Seizure of Property

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Introduction

Property can be seized and then detain by police under the Code in several ways.

Detention can occur as:

  • Proceeds of Crime (462.33)
  • Restraint of Offence-related Property (490.8)
  • Subject of Search Warrant or Evidence of a Crime (490)
  • Firearms (117.02, 117.03, 117.04, 117.05)

For any warrantless seizure of property, the burden is upon the Crown to prove that it did not violate s. 8 of the Charter. To put the burden on the accused "ignores the reality that the Crown is in the best position to know how and why the seizure took place"[1]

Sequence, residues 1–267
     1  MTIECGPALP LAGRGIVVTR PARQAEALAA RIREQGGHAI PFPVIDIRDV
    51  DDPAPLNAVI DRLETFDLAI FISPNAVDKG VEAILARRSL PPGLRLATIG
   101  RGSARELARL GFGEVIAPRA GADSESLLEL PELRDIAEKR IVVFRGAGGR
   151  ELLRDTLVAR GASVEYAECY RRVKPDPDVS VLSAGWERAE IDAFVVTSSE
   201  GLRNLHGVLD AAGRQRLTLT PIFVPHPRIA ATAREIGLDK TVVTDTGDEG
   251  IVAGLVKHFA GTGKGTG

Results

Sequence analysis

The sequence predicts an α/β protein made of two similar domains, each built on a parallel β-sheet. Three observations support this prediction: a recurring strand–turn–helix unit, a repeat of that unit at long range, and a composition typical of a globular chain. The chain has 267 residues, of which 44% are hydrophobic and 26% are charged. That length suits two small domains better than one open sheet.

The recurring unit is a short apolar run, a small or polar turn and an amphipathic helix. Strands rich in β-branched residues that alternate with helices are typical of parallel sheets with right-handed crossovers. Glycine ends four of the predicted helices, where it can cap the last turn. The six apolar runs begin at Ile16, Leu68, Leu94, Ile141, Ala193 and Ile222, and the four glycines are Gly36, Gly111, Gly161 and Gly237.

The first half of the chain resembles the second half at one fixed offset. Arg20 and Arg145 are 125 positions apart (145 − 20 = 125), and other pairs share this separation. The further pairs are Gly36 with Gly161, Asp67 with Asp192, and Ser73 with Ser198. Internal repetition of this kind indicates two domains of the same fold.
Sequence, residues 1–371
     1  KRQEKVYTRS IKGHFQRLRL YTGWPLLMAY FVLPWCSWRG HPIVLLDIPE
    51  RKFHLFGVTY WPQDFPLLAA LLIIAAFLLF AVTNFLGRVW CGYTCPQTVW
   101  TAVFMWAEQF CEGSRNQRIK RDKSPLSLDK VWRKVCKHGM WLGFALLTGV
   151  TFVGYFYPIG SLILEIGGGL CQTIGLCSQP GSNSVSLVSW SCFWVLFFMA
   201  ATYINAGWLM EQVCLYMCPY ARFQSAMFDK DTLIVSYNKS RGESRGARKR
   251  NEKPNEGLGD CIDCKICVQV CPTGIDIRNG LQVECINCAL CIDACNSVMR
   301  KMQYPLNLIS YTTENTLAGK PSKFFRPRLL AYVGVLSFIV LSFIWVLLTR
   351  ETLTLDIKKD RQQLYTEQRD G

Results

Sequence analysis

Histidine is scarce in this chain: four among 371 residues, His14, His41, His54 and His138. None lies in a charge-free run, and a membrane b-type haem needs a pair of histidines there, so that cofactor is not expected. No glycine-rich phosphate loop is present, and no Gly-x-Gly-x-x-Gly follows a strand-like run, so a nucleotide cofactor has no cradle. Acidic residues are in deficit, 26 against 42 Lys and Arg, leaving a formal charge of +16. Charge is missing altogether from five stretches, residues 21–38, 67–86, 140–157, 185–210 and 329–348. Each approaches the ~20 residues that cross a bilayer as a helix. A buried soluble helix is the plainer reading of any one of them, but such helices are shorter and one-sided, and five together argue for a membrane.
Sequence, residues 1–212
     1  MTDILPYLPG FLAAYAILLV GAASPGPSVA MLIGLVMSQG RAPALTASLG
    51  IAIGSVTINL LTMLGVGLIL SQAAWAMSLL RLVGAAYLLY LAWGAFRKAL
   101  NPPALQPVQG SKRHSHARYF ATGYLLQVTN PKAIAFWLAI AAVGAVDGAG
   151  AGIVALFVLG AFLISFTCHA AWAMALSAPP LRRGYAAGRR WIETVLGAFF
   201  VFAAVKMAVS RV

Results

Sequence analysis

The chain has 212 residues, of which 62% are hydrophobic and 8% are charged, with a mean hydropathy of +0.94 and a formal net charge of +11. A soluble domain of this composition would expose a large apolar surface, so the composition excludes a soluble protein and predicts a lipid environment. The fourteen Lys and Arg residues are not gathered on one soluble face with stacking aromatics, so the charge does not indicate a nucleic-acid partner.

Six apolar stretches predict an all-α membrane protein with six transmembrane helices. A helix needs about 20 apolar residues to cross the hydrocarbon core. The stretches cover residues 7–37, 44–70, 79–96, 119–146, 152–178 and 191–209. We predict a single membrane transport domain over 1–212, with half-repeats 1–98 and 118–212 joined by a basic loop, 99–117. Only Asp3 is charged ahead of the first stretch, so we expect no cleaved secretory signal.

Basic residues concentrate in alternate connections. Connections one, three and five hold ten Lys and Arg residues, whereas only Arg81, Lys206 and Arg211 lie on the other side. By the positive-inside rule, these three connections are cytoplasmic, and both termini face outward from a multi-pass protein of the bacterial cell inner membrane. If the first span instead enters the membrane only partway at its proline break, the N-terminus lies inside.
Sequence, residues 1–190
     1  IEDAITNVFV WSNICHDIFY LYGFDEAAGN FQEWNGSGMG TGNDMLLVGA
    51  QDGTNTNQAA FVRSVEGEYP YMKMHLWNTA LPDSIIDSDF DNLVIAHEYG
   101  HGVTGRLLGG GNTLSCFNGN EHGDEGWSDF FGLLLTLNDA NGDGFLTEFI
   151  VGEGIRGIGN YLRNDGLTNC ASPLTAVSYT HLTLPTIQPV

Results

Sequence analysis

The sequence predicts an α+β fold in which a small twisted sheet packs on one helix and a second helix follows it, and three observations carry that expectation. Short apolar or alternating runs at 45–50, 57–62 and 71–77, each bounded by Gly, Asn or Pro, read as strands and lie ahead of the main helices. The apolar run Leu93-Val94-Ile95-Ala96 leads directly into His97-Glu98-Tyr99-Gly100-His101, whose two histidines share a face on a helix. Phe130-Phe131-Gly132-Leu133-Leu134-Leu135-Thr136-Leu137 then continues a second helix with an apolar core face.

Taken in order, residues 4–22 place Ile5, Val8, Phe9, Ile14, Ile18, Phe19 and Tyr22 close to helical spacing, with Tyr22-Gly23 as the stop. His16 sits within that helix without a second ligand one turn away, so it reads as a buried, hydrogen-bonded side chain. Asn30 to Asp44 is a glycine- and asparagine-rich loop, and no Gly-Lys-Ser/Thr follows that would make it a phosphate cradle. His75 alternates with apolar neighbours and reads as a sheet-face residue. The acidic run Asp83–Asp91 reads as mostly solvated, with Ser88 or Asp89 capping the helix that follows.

Where the police do not seize property and merely make observations, they may still give evidence regarding the items and are not violating the "best evidence rule".[2]

  1. R v Hass, 2005 CanLII 26440 (ON CA) at para 37
  2. R v Pham, 1999 BCCA 571 (CanLII)

Topics

General Seizure Powers

Detention, Access, Return of Things Seized Under 490

Other Seizure and Detention Powers

See Also